Honour v Shame in Medieval Literature

Feelings of shame and honour are intrinsic to human nature. They are also universal across cultures and eras. In the three select works of medieval literature we see expression of honour and shame in different contexts. They vary in relevance and intensity in each of the classic works. But what is common is that honour is universally perceived to be a desirable and cherished value. In the same vein, shame is looked down upon and condemned. The rest of this essay will depict how shame and honour are manifest in the three chosen medieval literary works.

In the Tristan and Iseult legend, there is no definitive version of the actual turn of events in the story. Since oral tradition and anonymous/multiple authorship was common to literature of this period, many interpretations and variations have been added over the years. Yet, some strong unifying themes bind the variants together. Notwithstanding the version, we find that shame and honour are recurrent themes in the Tristan and Iseult legend. A frequently cited version of it has how, after winning the battle against the Irish knight Morholt, the young prince Tristan is sent off on a mission to Ireland by his uncle King Mark. He is sent to bring back the beautiful Iseult whom King Mark is set to marry. But either due to destiny or wilful design (as different versions have it) Tristan and Iseult consume a love potion which makes them madly in love with one another. The power of the potion and the power of the actual love between the two is so strong that it lasts even after Iseult’s marriage to King Mark. One can claim that by continuing to be infatuated with another man in spite of being married, Iseult has lost her honour. The loss of honour should naturally lead to feeling shameful. But such is not the case with Iseult, for the nature of the potion is such that it abdicates the consumer of any responsibility for their actions resulting from it. This is not a conventional medieval way of looking at infidelity – either of thought or act. Indeed, the Arthurian era in which the story is set would have clearly marked Iseult’s behaviour as shameful. But the fact of the matter is that she is the least shameful. To the contrary she pulls off bold escapades to meet with Tristan even while claiming innocence to the suspecting king.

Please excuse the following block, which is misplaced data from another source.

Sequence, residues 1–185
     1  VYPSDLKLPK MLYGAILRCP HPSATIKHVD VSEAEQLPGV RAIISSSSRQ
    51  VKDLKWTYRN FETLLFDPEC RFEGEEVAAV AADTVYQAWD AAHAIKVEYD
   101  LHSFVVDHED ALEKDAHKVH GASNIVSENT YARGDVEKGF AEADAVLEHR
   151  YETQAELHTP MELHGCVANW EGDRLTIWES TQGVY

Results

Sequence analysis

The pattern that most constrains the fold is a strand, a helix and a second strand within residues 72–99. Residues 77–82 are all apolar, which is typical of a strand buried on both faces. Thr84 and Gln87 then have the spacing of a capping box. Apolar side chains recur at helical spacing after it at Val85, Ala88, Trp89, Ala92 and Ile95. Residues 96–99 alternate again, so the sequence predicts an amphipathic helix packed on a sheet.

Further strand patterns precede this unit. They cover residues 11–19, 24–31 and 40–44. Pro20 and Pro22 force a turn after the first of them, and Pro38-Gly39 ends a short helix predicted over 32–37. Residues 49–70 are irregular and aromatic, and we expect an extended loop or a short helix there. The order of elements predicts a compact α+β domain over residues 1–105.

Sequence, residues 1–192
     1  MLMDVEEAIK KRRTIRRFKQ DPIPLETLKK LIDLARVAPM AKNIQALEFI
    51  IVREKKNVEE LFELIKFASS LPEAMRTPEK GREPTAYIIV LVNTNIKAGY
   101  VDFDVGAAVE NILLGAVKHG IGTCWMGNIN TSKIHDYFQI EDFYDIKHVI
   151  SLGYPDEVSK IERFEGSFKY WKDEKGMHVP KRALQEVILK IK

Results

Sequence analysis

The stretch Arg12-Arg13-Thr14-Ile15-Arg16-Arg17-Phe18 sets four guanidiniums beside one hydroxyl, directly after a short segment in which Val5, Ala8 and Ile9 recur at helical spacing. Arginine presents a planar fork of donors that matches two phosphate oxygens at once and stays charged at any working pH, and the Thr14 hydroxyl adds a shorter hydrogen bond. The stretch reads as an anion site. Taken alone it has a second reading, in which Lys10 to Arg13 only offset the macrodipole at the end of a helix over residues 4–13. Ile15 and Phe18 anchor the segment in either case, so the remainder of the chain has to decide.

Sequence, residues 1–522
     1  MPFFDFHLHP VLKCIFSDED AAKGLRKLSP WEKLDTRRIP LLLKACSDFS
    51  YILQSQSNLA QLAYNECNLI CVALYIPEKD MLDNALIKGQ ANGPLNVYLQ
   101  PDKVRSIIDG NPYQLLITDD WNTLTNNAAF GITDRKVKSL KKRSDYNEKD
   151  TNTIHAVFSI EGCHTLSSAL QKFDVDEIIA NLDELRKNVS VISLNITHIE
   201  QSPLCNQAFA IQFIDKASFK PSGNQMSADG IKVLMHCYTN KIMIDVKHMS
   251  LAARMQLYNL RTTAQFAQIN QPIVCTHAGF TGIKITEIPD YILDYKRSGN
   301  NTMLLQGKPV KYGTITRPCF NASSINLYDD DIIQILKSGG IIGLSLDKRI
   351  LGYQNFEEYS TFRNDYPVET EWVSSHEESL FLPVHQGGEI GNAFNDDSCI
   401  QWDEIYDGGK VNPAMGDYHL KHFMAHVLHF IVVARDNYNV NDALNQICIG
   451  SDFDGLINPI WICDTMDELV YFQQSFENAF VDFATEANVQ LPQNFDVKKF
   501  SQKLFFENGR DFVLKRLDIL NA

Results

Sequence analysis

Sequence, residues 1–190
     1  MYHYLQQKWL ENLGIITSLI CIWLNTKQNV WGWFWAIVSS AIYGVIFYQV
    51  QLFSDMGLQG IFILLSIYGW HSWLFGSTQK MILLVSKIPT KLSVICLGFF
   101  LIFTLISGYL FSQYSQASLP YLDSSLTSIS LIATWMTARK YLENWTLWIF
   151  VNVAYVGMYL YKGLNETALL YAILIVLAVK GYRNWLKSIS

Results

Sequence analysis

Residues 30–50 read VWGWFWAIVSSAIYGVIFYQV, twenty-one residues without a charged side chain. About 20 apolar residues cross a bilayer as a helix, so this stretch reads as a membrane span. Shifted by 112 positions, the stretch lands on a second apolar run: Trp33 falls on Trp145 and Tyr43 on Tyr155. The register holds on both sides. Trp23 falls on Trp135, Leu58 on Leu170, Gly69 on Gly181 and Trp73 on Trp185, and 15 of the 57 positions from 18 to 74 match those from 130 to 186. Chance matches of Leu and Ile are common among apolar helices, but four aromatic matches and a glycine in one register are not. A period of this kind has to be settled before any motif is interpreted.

The moral dilemmas for Tristan are a little different. He is shown to be a man who honours his word. For example, it is to fulfil his commitment to King Mark that he sets forth to fetch Iseult from Ireland. He has a genuine affection toward King Mark whom he sees as a father figure. He keeps his honor intact by duly performing his princely duties. As for his love affair with Iseult, one cannot apportion shame on Tristan, for he has not committed infidelity. When we consider the fact that he may only have consumed the love potion by accident, one sees why he has reason to not feel shame.

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